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Exercise is key in the fight against Alzheimer's disease

In a recent Journal of Biological Chemistry "Paper of the Week," research led by Ayae Kinoshita at the Kyoto University Graduate School of Medicine in Japan reveals the benefits of exercise in combating Alzheimer's disease.

The most common cause of dementia, Alzheimer's disease results in the loss of cognitive faculty. In the majority of cases, Alzheimer's disease occurs after age 65, and factors such as diet and exercise appear to play a role in its development, with high-fat diets as a risk factor.

Kinoshita's research compared the effects of 1) diet control, 2) voluntary exercise and 3) diet control plus exercise in an Alzheimer's disease mouse model. The results showed that exercise was more beneficial than diet control in reducing â-amyloid formation (a defining characteristic of Alzheimer's disease) and restoring memory loss induced by a high-fat diet in these mice. Moreover, Kinoshita's team found that the effect of diet control plus exercise was not significantly different than exercise alone. They attribute the positive effects of exercise to increased degradation of â-amyloid deposits in the brain.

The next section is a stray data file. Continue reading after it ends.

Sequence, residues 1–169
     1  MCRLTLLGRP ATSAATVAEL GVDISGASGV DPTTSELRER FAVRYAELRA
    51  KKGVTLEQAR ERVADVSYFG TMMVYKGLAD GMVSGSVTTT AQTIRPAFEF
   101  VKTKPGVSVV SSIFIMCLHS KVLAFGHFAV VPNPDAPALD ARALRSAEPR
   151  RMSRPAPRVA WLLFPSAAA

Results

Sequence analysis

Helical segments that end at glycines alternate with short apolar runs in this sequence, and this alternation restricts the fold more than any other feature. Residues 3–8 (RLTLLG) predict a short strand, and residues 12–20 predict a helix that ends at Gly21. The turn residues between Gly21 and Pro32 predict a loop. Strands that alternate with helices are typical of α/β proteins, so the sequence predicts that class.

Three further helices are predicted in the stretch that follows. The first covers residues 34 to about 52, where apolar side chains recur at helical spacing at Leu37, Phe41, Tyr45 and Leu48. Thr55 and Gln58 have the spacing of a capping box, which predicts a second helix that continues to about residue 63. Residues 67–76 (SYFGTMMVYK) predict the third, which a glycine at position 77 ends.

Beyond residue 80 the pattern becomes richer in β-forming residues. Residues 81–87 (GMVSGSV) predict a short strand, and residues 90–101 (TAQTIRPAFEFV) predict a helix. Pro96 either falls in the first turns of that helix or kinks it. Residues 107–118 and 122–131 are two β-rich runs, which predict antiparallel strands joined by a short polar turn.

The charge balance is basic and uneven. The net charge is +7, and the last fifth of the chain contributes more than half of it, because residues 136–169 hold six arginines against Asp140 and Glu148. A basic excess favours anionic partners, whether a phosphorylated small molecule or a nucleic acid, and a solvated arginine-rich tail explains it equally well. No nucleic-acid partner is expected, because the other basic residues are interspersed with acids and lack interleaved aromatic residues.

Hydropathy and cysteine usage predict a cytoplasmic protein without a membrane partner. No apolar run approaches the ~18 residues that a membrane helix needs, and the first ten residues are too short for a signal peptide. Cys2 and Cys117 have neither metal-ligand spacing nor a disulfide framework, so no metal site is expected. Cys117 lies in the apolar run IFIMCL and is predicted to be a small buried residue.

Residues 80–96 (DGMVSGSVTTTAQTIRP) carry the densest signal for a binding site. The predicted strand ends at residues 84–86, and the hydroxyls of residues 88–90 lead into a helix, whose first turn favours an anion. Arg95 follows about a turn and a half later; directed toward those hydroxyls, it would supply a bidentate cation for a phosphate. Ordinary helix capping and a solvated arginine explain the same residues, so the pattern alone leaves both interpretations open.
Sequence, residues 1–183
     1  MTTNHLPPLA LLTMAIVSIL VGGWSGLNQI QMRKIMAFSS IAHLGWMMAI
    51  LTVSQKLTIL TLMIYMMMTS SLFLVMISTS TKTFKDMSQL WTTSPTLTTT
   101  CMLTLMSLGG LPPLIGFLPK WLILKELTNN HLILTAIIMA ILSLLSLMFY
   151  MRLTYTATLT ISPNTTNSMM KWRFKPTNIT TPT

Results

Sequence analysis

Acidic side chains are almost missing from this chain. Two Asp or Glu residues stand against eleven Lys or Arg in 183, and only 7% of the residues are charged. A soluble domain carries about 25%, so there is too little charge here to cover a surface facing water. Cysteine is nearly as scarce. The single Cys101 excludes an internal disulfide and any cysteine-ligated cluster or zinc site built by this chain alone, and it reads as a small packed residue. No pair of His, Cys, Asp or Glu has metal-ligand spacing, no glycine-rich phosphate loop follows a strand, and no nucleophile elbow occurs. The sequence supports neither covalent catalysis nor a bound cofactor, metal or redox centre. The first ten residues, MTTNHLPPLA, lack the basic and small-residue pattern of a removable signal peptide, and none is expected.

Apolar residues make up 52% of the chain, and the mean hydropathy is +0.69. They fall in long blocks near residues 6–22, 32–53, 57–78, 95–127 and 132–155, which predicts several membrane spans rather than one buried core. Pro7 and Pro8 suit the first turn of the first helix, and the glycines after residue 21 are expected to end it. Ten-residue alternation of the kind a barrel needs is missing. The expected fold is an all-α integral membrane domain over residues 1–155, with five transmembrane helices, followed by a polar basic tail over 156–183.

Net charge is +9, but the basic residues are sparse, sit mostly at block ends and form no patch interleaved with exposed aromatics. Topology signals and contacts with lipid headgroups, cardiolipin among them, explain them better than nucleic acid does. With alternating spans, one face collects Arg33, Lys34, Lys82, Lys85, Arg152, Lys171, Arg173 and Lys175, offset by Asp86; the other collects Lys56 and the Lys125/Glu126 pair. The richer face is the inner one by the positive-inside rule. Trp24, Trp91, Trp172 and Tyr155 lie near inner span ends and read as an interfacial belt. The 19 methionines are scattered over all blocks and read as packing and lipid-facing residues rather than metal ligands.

"Based on the results in this research," Kinoshita suggests, "exercise should be given priority to prevent Alzheimer's disease."

From the article: "Exercise is more effective than diet control in preventing high fat diet-induced â-amyloid deposition and memory deficit in amyloid precursor protein transgenic mice" by Masato Maesako, Kengo Uemura, Masakazu Kubota, Akira Kuzuya, Kazuki Sasaki, Naoko Hayashida, Megumi Asada-Utsugi, Kiwamu Watanabe, Maiko Uemura, Takeshi Kihara, Ryosuke Takahashi, Shun Shimohama and Ayae Kinoshita

Read the Paper in Press version here:

Corresponding author: Ayae Kinoshita, School of Human Health Sciences, Kyoto University Graduate School of Medicine in Kyoto, Japan; email:

About the American Society for Biochemistry and Molecular Biology The ASBMB is a nonprofit scientific and educational organization with more than 12,000 members worldwide. Most members teach and conduct research at colleges and universities. Others conduct research in various government laboratories, at nonprofit research institutions and in industry. The Society's student members attend undergraduate or graduate institutions. For more information about ASBMB, visit

Written by Danielle Gutierrez

Angela Hopp | EurekAlert!
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